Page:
The Insufficient-to-Bypass Edition Friday, April 24, 2020

Apple Finds No Evidence Hackers Exploited iPhone, iPad Mail Flaw, by Mark Gurman, Bloomberg

Apple launched an investigation and said in a statement the mail issues were insufficient by themselves to allow cyber-attackers to bypass built-in security, adding it will issue a fix soon.

“We have thoroughly investigated the researcher’s report and, based on the information provided, have concluded these issues do not pose an immediate risk to our users,” the Cupertino, California company said. “The researcher identified three issues in Mail, but alone they are insufficient to bypass iPhone and iPad security protections, and we have found no evidence they were used against customers.”

PSA: New Character Bug In Messages Causing iOS Devices To Crash, by Juli Clover, MacRumors

There appears to be a new character-linked bug in Messages, Mail, and other apps that can cause the iPhone, iPad, Mac, and Apple Watch to crash when receiving a specific string of characters.

In this particular case, the character string involves the Italian flag emoji along with characters in the Sindhi language, and it appears the system crash happens when an incoming notification is received with the problem-causing characters.

The Apple Watch, Five Years In, by Stephen Pulvirent, Hodinkee

I thought a lot about how to approach putting this story together. Did I want to write the exhaustive history of the Apple watch? No, that's been done to varying degrees of specificity, and HODINKEE doesn't really seem like the right place for that anyway. Did I want to write a first-hand account of my own experiences with the Apple Watch, waxing poetic about both the emotional and practical push and pull of the tiny digital device? That felt a bit indulgent.

Ultimately, I settled on putting together a package that would offer up a look at how and why the Apple Watch continues to leave its mark on the watch world, touching on the various facets of that universe, from the economic impacts on the mechanical watch business to the fight for the wrists of die-hard enthusiasts to the thoughts of our own editors here at HODINKEE. This is an Apple Watch retrospective written from our perspective, and hopefully, I can convince even the most Apple Watch-skeptical among you to take this journey with me.


Don't Send Bands In With Apple Watch Repairs -- Because You Won't Get Them Back, by William Gallagher, AppleInsider

Apple has formally updated its advice to users on how to prepare an Apple Watch to be sent for repair, and now specifies that extra items, such as bands, will not be returned. Previously, the official advice was that you don't need to include them, but now you are explicitly asked to "please remove them."

Apple Music Heads To Samsung TVs With New App, by Eli Blumenthal, CNET

The new app, available today in over 100 countries on Samsung Smart TVs released from 2018 through 2020, will allow Apple Music subscribers to stream and play their music and Beats 1 radio on their televisions without having to first start it on an Apple device and then send it over via AirPlay.

Darkroom 4.6 Adds Video To Its Excellent Photo Editing Workflow, by John Voorhees, MacStories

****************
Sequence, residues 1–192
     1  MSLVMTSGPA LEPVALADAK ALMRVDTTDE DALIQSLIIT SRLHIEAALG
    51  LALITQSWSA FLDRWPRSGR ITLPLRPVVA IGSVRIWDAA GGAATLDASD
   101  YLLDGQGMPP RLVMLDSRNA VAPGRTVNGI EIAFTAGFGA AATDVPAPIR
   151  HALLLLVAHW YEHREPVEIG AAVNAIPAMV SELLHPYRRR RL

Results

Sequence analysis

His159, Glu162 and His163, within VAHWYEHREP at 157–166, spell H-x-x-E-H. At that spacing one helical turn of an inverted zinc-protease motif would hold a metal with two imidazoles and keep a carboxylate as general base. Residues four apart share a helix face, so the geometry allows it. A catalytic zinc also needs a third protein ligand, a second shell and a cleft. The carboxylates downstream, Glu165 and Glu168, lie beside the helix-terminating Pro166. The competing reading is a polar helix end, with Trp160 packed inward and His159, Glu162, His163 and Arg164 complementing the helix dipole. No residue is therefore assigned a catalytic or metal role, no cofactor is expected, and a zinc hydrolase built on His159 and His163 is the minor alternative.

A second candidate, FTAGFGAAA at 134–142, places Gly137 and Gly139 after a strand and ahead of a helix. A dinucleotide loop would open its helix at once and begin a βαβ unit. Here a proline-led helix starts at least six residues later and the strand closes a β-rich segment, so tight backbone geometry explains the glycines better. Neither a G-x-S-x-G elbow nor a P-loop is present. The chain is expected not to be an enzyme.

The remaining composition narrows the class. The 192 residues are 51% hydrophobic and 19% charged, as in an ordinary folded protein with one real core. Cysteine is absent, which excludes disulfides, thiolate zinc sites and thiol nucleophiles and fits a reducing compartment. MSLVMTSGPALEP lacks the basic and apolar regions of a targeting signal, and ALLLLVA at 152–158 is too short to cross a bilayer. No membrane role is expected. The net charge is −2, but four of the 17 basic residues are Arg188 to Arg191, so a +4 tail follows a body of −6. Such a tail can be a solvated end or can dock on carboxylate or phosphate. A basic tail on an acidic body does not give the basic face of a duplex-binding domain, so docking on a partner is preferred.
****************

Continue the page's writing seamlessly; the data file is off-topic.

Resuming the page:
What’s impressive about the update is that it manages to apply the same set of tools and filters available for photos to video in real-time, which results in a fast, efficient editing workflow.


Tim Cook Joins BBC Pandemic Relief Event, Promises Signficant Apple Donation by Michael Potuck, 9to5Mac

Apple has been at the forefront of pandemic relief efforts by donating resources like masks, shields, financial support around the world, and more. Now, CEO Tim Cook appeared on the BBC and shared that Apple is making another big contribution to the network’s entertainment relief event “The Big Night In.”

Silicon Valley's Workaholic Culture Is Buckling Under The Strain Of Coronavirus, by Ian Sherr, CNET

"For people who have a family, you feel that you have to operate as if you don't," said Carolina Milanesi, an analyst at Creative Strategies. She's faced many of these struggles firsthand, sharing online about navigating life in the tech world while homeschooling her daughter. It's likely this crisis will change how we all prioritize life and family, she said. It may also change the culture at companies that have historically bristled at remote work, such as Google, Apple and Facebook.


Apple, meanwhile, said it's increased communications with managers and employees since the outbreak began. Its 137,000 employees have been encouraged to ask for help or accommodation, but managers as well have been told to proactively help employees too. That's meant offering flexibility, whether it's for parents working reduced schedules, or caregivers who have to take time off to take care of elderly family members.

"No deadline is too important, and no priority is more urgent, than caring for our loved ones. Our goal is to be flexible, collaborative and accommodating of every parent and caregiver on our teams," said Apple spokeswoman Kristin Huguet. "This is a trying time for everyone — especially parents — and we want to do all we can to support every member of our Apple family."

Bottom of the Page

I still do not understand why anyone will want Apple Music on their TV?

(At least from where I am, the music video section of Apple Music is not particularly impressive.)


Thanks for reading.